Differential abundance (DA) analysis before or after feature table collapse to a specific taxonomical level


So this is kind of a dilemma for me to decide whether to do DA analysis before collapsing the feature table to a specific taxonomical group or after?
Because I think the whole point of having an ASV_level feature table is to have a higher resolution of the data and not to group them according to any common characteristics they might have. However, once we group them to a taxonomical level, are we basically doing an OTU-like approach sacrificing resolution somehow?
On the other, one needs to know if a feature is differentially abundant, what exactly is that feature so that one could have biological interpretation. So, wouldn’t it be better to have DA with an un-collapsed feature table and then do taxonomical annotation? I usually see the opposite, people/tutorials usually first collapse/aggregate to a specific level and then proceed to DA. But wouldn’t that be changing your feature table with unknown downstream consequences?
I think the very core of my question would be whether or not to collapse the feature table before basically any statistical analysis. How one could assess how the collapse would affect the end results? Should one do the two approaches and then compare them at the end? What if there’s a conflict?

In my opinion, both approaches have they own strength and weaknesses. No need to choose between the resolution and grouping by features, so maybe it is a good idea to perform analysis on both levels. Moreover, you can draw new conclusions based on the comparison of two approaches.


Hi @Parix,

The short answer is that it depends on your system. I’m going to link you to a recent paper of mine where our results were driven by a pair of features that were only detectable with ASVs. We did genus-level testing at the request of a reviewer and none of the genera were differentially abundant because the results centered around shifts in organisms from like four genera.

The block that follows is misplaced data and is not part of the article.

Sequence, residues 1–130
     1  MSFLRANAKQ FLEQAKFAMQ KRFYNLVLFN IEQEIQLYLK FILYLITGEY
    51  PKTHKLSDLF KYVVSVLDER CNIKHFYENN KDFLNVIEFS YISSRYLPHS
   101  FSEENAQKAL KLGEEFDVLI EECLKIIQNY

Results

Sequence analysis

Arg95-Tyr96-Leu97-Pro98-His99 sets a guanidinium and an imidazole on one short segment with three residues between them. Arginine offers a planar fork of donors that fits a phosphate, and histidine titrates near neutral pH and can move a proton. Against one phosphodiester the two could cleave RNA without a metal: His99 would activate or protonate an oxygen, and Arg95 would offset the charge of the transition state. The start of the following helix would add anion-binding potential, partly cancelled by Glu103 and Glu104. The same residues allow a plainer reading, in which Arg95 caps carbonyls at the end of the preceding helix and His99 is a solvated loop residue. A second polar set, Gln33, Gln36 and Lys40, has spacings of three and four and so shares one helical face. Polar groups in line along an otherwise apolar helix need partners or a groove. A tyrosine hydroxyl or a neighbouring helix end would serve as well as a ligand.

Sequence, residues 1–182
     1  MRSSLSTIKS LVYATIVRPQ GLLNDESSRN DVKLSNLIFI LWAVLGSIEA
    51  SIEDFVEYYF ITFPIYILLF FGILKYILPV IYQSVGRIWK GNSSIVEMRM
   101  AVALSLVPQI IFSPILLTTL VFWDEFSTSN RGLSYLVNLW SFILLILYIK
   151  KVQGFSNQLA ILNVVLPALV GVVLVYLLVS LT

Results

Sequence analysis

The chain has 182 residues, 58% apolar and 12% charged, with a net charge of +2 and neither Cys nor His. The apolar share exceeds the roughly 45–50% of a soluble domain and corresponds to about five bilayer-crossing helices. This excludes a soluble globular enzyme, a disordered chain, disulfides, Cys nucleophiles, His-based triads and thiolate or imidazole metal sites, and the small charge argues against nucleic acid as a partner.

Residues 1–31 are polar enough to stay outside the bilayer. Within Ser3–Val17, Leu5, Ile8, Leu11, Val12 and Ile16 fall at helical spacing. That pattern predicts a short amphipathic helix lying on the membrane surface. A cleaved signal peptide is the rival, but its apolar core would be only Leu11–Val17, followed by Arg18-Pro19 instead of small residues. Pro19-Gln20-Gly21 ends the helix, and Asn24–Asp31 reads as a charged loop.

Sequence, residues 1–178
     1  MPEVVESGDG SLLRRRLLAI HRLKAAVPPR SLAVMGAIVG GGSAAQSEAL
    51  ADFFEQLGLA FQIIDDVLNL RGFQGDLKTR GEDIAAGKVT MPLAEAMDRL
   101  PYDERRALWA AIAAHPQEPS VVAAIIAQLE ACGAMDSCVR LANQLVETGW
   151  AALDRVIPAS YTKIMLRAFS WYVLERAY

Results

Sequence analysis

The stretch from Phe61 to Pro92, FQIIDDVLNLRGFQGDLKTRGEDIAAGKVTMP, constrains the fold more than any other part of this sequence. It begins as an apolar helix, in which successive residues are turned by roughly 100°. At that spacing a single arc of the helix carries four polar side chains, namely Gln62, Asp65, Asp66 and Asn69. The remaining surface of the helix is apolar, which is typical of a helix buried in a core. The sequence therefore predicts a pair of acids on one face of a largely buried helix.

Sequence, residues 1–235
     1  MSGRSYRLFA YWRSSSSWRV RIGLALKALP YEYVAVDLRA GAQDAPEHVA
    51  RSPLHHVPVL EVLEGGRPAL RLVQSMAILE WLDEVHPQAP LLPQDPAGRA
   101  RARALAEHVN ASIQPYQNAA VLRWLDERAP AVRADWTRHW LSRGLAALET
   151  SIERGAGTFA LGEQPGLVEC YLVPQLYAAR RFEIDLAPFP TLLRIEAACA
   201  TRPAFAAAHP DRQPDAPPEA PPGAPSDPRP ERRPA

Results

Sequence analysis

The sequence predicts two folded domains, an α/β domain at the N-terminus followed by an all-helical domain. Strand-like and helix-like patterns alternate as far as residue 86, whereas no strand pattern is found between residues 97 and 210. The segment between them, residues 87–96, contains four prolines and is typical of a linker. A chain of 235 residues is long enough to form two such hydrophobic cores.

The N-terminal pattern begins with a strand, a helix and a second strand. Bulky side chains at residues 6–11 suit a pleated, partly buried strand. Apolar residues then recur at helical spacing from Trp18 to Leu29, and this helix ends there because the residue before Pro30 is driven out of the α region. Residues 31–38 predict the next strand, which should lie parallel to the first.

On the other hand, I’ve had analyses where everything from the same genus behaved the same way, and our signals got lost because of it. That was a case where clustered or genus level data might have served us better.

So, I think @timanix is exactly right:

There are a few caveats here. Phylum level resolution not a good way to describe your data. It’s comparing things with spinal cords to things with chitinous shells, and certainly most of the biological assumptions that taxonomy is supposed to be short hand for don’t hold at that level. Second, well individual features often behave in concert, high level signals are based on those low level trends. So a difference at family level may be due to three ASVs that are changing. And three, taxonomy is nested, so if you’re prefiltering, filter together and then apply the nested methods.